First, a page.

Climatic and edaphic gradients predict variation in wildland-fuel hazard in south-eastern Australia

30 October 2019

McColl-Gausden, Sarah; Bennett, Lauren; Duff, Thomas; Cawson, Jane; Penman, Trent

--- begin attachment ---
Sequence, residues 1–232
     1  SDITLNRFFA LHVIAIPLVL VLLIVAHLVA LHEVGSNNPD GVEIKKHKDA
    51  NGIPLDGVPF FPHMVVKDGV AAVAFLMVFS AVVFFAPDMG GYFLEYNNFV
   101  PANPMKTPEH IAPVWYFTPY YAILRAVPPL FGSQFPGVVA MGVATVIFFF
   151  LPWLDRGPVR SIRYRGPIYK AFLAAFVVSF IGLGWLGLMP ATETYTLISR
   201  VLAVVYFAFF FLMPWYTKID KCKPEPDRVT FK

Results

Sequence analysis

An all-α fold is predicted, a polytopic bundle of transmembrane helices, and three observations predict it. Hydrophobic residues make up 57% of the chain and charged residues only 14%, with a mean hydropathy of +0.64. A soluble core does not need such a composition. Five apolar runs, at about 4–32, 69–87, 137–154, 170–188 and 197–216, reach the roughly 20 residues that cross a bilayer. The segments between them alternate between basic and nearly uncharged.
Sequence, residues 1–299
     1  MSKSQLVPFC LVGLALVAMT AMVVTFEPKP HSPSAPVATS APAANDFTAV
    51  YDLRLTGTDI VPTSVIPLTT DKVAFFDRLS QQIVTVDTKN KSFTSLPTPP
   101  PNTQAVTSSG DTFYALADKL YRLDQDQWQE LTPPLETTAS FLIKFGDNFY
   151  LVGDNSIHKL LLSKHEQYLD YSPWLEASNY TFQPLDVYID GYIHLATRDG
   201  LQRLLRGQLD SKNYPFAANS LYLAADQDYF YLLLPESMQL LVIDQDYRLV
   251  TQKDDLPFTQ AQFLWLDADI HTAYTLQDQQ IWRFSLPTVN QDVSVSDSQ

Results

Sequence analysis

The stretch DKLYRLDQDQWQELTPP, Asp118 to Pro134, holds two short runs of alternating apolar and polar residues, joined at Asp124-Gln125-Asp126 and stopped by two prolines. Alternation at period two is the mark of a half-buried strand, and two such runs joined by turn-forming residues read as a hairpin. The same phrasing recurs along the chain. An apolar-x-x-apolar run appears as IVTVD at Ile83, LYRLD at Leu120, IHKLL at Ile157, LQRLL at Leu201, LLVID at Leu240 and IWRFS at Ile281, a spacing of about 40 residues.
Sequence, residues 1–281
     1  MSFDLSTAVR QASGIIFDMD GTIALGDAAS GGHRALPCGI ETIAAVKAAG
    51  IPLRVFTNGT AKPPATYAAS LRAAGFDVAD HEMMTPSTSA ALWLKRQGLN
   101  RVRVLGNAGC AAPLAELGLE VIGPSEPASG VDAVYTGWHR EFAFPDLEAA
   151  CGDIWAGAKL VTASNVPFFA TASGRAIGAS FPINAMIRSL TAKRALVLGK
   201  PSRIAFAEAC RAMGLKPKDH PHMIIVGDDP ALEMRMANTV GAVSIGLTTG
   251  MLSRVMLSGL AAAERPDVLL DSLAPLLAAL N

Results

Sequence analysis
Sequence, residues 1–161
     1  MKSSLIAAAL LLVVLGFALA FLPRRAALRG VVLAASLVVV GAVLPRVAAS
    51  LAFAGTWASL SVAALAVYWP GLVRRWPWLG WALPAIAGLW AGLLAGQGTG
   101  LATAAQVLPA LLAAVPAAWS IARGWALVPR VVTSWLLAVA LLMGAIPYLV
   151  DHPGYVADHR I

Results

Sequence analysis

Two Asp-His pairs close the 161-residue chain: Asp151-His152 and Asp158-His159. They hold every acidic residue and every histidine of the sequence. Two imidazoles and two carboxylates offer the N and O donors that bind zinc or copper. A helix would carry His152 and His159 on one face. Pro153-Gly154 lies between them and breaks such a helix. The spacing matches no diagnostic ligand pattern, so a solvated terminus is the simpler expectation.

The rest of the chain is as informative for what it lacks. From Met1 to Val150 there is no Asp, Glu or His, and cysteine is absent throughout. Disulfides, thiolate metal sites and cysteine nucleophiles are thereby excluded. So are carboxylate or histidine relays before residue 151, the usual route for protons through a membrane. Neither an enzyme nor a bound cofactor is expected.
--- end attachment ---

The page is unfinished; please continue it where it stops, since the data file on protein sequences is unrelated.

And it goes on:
Understanding spatial variation in wildland fuel is central to predicting wildfire behaviour and current and future fire regimes. Vegetation (plant material) – both live (biomass) and dead (necromass) – constitutes most aspects of wildland fuel (hereafter ‘fuel’). It therefore is likely that factors influencing vegetation structure and composition – climate, soils, disturbance – also will influence fuel structure and associated hazard. Nonetheless, these relationships are poorly understood in temperate environments. In this study, we used an extensive database of fuel hazard assessments to determine the extent to which environmental variables (climatic conditions and soil type) and disturbance (fire) can predict fuel hazard in native vegetation across south-eastern Australia. Fuel hazard scores are based on the horizontal and vertical continuity of fine fuels (dead plant material